Jason Starke, Ph.D.
NTSB seeks runway safety solution
The rising rate of the most severe types of runway incursions at U.S. airports has the NTSB taking a fresh look at the underlying problems and recommending new solutions, with help from the FAA, unions and the industry.
So-called Category A and B incursions—the most dangerous—have occurred on average only about 15 times per year over the past five years. However, the raw numbers are deceiving, as the number of flight operations per year has been decreasing, which means the frequency of dangerous incidents (the number of incursions divided by the number of flight operations) has been increasing.
According to an Aviation Week analysis based on FAA data, the rate of Cat. A and B incursions has been steadily on the rise since the start of fiscal 2013, when the rate was 0.23 incursions per million operations (one incursion in every 4.5 million operations). As of this July, the rate was up to 0.375, just shy of the FAA’s target maximum rate of 0.395, a number often exceeded within individual months of the year, but not over the full 12 months.
The trend has drawn the attention of the NTSB, which several months ago launched a special investigation into the matter, says Dan Bartlett, an NTSB senior transportation safety specialist and former air traffic controller. The reports—typically based on one-year investigations—can be strictly information-gathering efforts or examinations of technical issues related to one or more accident investigations.
Bartlett says the NTSB is planning to include the FAA, controllers and pilot unions as well as other industry participants to help identify “some of the deeper causes and effects” of the incursions, defined as a loss of separation between two aircraft or an aircraft and a ground vehicle or pedestrian.
The FAA categorizes incursion severity levels as “A” through “D,” with A signifying a narrowly avoided collision and D, no immediate safety consequences. Incidents are separated into operational events or errors (the fault of controllers), pilot deviations, vehicle or pedestrian deviations or “other.”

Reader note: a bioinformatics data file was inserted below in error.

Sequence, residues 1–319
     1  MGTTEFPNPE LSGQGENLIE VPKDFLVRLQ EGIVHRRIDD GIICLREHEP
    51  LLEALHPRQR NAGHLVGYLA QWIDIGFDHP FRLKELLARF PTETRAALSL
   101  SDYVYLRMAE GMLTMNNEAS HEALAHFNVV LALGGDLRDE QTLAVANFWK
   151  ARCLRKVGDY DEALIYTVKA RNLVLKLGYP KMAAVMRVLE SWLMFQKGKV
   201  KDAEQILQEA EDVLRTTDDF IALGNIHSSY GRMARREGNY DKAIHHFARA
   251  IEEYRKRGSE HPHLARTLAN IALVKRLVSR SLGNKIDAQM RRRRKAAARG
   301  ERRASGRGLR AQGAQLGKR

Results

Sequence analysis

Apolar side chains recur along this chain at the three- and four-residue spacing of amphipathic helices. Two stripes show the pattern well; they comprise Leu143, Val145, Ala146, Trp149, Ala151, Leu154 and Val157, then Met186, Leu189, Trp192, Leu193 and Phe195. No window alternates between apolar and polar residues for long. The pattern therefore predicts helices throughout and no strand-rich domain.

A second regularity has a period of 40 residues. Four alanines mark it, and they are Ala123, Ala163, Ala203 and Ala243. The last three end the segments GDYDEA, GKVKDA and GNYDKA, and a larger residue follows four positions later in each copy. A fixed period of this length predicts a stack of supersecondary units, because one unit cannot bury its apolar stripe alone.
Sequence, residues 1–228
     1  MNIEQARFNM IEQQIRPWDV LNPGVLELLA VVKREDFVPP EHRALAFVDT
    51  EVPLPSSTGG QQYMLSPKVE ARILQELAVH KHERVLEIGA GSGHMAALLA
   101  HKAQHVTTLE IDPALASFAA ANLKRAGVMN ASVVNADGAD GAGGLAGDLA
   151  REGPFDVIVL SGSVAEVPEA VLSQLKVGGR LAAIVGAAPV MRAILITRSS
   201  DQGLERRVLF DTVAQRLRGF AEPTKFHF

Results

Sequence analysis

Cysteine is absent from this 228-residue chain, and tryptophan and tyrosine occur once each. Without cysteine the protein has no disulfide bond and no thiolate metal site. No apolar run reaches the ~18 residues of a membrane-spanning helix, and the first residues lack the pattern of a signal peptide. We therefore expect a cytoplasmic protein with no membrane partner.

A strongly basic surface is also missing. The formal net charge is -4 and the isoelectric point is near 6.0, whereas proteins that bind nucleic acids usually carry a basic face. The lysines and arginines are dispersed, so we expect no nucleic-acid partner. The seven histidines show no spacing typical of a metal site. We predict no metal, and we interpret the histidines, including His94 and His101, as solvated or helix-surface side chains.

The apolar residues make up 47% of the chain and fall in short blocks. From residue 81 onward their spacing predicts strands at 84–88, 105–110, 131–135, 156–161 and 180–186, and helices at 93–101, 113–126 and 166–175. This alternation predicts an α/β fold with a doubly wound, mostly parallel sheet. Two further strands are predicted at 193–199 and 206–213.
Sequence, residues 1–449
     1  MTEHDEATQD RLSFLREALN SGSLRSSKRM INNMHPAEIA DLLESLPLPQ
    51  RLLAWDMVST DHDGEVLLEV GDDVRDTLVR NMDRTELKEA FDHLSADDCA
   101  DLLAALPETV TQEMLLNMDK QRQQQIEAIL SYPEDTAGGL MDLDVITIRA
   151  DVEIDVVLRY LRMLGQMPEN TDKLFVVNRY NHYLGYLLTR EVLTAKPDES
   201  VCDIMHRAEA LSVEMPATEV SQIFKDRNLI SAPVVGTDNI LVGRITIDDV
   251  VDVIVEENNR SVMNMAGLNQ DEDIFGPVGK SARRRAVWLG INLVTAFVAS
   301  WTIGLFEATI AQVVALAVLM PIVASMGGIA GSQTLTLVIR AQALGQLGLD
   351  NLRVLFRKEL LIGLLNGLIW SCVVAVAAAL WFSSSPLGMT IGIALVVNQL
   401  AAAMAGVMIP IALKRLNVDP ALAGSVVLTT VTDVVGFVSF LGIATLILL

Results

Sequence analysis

WHY THE NTSB IS CONCERNED ABOUT RUNWAY INCURSIONS:
The rate for the worst incursions – Category A and B – increasing since 2013
Rate could exceed the FAA’s maximum target this year
FAA official calls it the “most critical risk”
The FAA’s Aviation Safety Information Analysis and Sharing database shows Cat. A incursions increased from two in fiscal 2013 to five in 2014 and 11 in 2015. This year, there have been six. Cat. B incidents, which have a “significant potential for collision.” Cat. B incidents have been more level—nine in 2013, nine in 2014, four in 2015 and nine so far this year. The number of all types of incursions has also been relatively constant in the past two years, with 1,458 in fiscal 2015 and 1,320 so far this year.
The Cat. A and B incursion rate today remains far below levels in the early 2000s—when the rate was typically about 0.5—in large part due to interventions by the FAA and the government/industry Commercial Aviation Safety Team and local runway safety action teams to address issues at specific airports. Following the fatal August 2006 runway overrun crash of Comair Flight 5191 in Lexington, Kentucky, the FAA in 2007 launched a “Call to Action” runway safety initiative that brought technology and process improvements that ultimately reduced Cat. A and B incursions by 44%.
Intelligence. Analysis. Insight.
This story is a selection from the September 5, 2016 issue of Aviation Week & Space Technology. New content posted daily online.
Based on the resurgence in incursions, however, FAA Administrator Michael Huerta in June 2015 convened a second Call to Action summit. Interventions being developed fall into three categories: visual recognition, communications, and procedures and awareness. Delivery dates for individual mitigations, procedures and technologies range from soon through 2019.
A large part of the 2015 safety summit dealt with potential solutions to surface confusion, where pilots or drivers get lost. Airport construction projects, fatigue, confusing airport geometry and signage, as well as weather and nighttime operations are contributing factors.
While the NTSB is aware of the FAA’s concurrent efforts, the special investigation will make a broader and independent assessment of the problem, considering not only best practices from U.S. airports, but foreign airports as well. Bartlett notes that the Dutch Safety Board is analyzing certain U.S. airports as part of its Schiphol Airport runway safety analysis. They ask very good questions, he says: “The questions aren’t right or wrong, but are causing us to step back and take a look at the things we do and why we do them.” He concedes that the NTSB study could find that “we’re going down the right path,” but says recommendations will be issued nonetheless.